Exchange rates vs the dollar, exchange rates vs the pound, housebuilder’s share prices, not to mention the FTSE 250 index have all been shaken since Tameside had its say in the Brexit referendum.
It has certainly been a turbulent ride since the UK voted to leave the European Union (EU) almost 30 months ago. With the outcome still very unclear and as the political backdrop hots up, I’ve been taking a look at our key Brexit market indicators to see what has changed since 23rd June 2016.
With house prices rising by 9% since the Referendum, a UK buyer needs almost £20,000 more to buy an averaged priced home now than they did in June 2016. However, the value of sterling against both the euro and US$ remains weaker than in June 2016. As such, US and European buyers will find properties in the UK 6% cheaper than they did before the vote.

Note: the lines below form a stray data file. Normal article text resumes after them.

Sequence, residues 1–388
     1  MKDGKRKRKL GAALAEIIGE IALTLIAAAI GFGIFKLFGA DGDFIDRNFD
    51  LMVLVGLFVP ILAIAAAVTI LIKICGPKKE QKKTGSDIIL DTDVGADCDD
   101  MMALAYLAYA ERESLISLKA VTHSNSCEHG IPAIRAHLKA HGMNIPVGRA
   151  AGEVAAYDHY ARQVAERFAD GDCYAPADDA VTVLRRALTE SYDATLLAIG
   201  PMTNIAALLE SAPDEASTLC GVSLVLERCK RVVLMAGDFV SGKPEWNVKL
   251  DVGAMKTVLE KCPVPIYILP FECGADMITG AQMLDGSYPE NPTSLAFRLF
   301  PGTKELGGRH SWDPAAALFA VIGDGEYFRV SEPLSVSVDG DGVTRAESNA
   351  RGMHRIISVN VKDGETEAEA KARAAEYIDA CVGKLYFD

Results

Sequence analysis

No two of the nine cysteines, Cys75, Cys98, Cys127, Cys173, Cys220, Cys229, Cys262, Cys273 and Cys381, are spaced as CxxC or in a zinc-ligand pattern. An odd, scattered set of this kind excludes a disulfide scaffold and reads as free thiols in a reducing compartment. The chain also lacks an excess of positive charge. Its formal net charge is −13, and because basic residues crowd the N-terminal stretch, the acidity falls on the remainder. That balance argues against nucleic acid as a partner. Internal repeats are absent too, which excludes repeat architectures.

This is of course great news for investors from across the Channel and the Atlantic, which I’ve also had recent discussion with to some of my property investors from over in Singapore.
Furthermore, housebuilders’ shareholders have seen mixed fortunes. While regaining losses felt in the immediate aftermath of the vote, as the deadline for withdrawal approaches, share prices have taken another hit.
Of all our key indicators, only the FTSE 250 is stronger now than it was before the Referendum, although it has lost the majority of its gains since its high of June 2018.
With the all important vote from the MP’s next week on Theresa May’s Brexit deal, the clarity regarding the future of Tameside’s property market remains to be seen.